As a child, I threw world class tantrums. Tantrums the likes of which nobody had ever seen, and have never been seen since. Tantrums that people did not believe could exist when they were described, until they saw them first-hand. And I'm not just saying that on hearsay--I actually remember doing it. Which implies I must have done it to a later age than most kids, I guess. But I vividly remember not only the kicking and screaming and crying and wailing, but, most importanly, I remember why I did it.
There was just too much to deal with. There were too many choices. I couldn't have everything I wanted. I was too short to reach things, too small to carry things, and had verbal skills too limited to make what I really needed to clear. I didn't understand everything. I didn't know everything. It was frustrating, and sometimes the only solution seemed to be to kick and scream and punch out and wail until I was too tired to care about any of it anymore.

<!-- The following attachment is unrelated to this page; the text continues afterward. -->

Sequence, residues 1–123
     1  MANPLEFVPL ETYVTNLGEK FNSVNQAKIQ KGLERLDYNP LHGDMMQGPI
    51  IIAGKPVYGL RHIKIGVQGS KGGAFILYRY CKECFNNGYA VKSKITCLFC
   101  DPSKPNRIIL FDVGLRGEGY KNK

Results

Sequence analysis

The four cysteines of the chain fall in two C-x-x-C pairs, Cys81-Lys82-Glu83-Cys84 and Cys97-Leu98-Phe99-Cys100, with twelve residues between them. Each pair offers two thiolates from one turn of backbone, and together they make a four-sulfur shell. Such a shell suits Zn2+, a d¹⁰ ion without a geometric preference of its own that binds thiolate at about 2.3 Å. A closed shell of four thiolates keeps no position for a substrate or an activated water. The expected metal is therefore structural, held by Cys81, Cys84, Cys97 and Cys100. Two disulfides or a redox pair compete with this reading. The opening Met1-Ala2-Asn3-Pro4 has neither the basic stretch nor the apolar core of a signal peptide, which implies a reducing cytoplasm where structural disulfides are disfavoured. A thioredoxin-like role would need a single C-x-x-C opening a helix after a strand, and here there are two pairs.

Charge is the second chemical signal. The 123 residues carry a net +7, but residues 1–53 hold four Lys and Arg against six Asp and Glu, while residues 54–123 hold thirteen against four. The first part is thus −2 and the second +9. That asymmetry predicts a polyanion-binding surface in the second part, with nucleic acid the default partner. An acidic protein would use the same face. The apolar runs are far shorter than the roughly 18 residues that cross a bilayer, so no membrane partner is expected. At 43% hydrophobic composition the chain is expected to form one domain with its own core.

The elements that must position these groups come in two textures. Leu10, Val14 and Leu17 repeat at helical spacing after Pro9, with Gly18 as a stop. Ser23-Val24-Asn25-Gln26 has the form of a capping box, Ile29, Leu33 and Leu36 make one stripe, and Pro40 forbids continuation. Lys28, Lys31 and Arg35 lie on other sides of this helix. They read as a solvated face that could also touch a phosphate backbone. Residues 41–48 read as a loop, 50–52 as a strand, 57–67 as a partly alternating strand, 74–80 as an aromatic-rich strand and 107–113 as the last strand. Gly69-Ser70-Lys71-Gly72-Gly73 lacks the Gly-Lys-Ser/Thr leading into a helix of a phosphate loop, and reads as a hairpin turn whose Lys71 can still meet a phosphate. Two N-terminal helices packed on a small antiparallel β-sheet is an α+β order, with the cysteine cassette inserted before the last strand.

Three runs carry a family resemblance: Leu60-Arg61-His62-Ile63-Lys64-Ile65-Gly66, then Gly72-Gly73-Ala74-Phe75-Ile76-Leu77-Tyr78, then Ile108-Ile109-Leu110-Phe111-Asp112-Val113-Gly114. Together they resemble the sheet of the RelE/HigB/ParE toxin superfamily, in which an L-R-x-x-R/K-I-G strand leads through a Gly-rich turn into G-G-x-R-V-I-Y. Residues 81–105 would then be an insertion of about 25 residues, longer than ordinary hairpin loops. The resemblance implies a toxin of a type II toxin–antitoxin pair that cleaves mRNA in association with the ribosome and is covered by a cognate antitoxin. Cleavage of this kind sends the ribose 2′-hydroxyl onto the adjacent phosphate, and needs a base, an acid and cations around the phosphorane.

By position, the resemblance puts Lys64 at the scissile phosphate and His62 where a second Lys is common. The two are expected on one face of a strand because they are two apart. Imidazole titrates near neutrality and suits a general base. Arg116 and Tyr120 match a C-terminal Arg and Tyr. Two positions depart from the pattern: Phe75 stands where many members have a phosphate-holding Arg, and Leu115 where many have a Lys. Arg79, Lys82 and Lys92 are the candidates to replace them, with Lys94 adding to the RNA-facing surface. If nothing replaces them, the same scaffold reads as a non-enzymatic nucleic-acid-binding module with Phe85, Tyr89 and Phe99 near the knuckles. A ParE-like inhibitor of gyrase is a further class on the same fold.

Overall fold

Not much has changed, y'all.
I may have the social skills to avoid tantrums now (at least in public), but I still feel the same conflation of frustrating circumstances that led to tantrums in my younger self. Life is incredibly overwhelming, I can't reach everything I try to get my arms or my head around, I can't do everything I think I should be able to do, and I still don't have the smarts or the language skills to ask the questions I need to ask and make the decisions I need to make.
And I still react for the same reasons I did then--fear and frustration. And in much the same way, by lashing out in rash, impulsive spurts, thinking that if I just kick and scream long enough, or just make enough changes to myself, or just buy enough stuff, or just eat enough, then the fear and confusion and frustration will go away. Or I'll make myself tired enought that I stop caring. But exhausted and bruised is no way to make major life decisions.